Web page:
10 Tips for Safely Teaching Your Kids Jiu Jitsu


jiujitsu-youthThere are a host of benefits associated with martial arts training for children, from increased athleticism to self-defense and a heightened sense of discipline. In fact, I have written about that on multiple occasions on this blog and on other martial arts sites.  I am a HUGE fan of training our kids.  When it comes to jiu jitsu though with submissions specifically you have to be careful about what you teach your kids and when it is taught to them.  They need a healthy appreciation for the responsibility that goes along with understanding ways to manipulate the body that are core to jiu jitsu.

  1. Research Local Gyms – Before you sign your child up for the first gym to advertise youth jiu jitsu instruction, make sure you’re doing your homework. Not all gyms are created equal, and you’ll be able to sort the better quality options from others in your area by asking for referrals, looking at the facility and paying attention to unique ethos of each gym.  Basically, how do they approach jiu jitsu for kids if it is no different than what they do for adults I would recommend finding a different gym.
  2. Choose Instructors Carefully – An instructor who only teaches youth classes because they drew the short straw may not be as well-suited to teaching kids as the instructor across town with a passion for teaching youth combat sports. Make sure you take the time to ask about instructors’ qualifications, as well as their curriculum.  Teaching kids takes an incredible amount of patience as their attention span is well… short.  Make sure the instructor is equipped to handle that with something other than just yelling or sitting them out.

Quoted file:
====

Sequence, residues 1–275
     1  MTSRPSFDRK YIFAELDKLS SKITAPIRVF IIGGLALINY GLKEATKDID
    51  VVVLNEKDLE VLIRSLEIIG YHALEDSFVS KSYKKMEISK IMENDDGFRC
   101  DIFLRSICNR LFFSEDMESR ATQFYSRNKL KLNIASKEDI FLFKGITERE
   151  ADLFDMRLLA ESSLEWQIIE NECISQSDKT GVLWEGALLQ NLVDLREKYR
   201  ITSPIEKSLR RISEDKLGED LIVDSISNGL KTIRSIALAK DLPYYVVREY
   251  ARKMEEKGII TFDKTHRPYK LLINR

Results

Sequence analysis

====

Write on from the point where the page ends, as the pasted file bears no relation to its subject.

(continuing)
3. Ask About Instructor-to-Child Ratios – High-quality gyms will staff each class appropriately, but it’s always best to do your own research. One instructor heading up a class of thirty kids means not everyone is getting individual attention, and some kids may not be performing maneuvers as safely as they could be.  In fact, this is a huge risk because kids may not realize the risks associated with improperly practicing an armbar for instance.
  4. Invest in Proper Gear – Minimizing the risk of injury means investing the appropriate gear to keep your child safe. You can’t send your youngster to class without head gear, mouth guards or groin protectors and expect them to be fully protected. Ask your child’s instructor about recommended safety gear, and invest appropriately.  Realistically other than a gi and mouthguard not too much is normally required for jiu jitsu but knee and elbow pads may also be a good idea.
  5. Take Time to Learn the Rules – Most parents who enroll their children in martial arts classes have no training themselves. While you don’t have to sign up for adult beginner classes to keep your child safe, it’s always a good idea to learn the mechanics and underlying philosophy of jiu jitsu in order to help your child better understand what they’re doing and how to stay safe.  Plus, it gives you something that you can share with your kids which likely will create memories that will last a lifetime.